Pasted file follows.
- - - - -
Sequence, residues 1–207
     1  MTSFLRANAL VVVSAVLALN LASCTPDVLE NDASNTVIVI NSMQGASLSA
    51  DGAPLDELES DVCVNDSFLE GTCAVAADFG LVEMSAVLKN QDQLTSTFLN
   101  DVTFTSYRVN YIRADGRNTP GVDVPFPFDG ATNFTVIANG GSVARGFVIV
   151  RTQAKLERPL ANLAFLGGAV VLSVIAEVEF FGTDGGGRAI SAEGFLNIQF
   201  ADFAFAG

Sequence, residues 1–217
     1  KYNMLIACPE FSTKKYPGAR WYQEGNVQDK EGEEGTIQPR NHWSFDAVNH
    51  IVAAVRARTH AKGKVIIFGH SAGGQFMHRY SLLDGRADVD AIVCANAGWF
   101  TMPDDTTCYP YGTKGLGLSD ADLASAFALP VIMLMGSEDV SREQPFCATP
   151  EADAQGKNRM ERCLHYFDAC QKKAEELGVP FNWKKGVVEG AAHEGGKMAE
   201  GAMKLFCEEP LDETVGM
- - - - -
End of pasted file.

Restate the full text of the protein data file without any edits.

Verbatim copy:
Sequence, residues 1–207
     1  MTSFLRANAL VVVSAVLALN LASCTPDVLE NDASNTVIVI NSMQGASLSA
    51  DGAPLDELES DVCVNDSFLE GTCAVAADFG LVEMSAVLKN QDQLTSTFLN
   101  DVTFTSYRVN YIRADGRNTP GVDVPFPFDG ATNFTVIANG GSVARGFVIV
   151  RTQAKLERPL ANLAFLGGAV VLSVIAEVEF FGTDGGGRAI SAEGFLNIQF
   201  ADFAFAG

Sequence, residues 1–217
     1  KYNMLIACPE FSTKKYPGAR WYQEGNVQDK EGEEGTIQPR NHWSFDAVNH
    51  IVAAVRARTH AKGKVIIFGH SAGGQFMHRY SLLDGRADVD AIVCANAGWF
   101  TMPDDTTCYP YGTKGLGLSD ADLASAFALP VIMLMGSEDV SREQPFCATP
   151  EADAQGKNRM ERCLHYFDAC QKKAEELGVP FNWKKGVVEG AAHEGGKMAE
   201  GAMKLFCEEP LDETVGM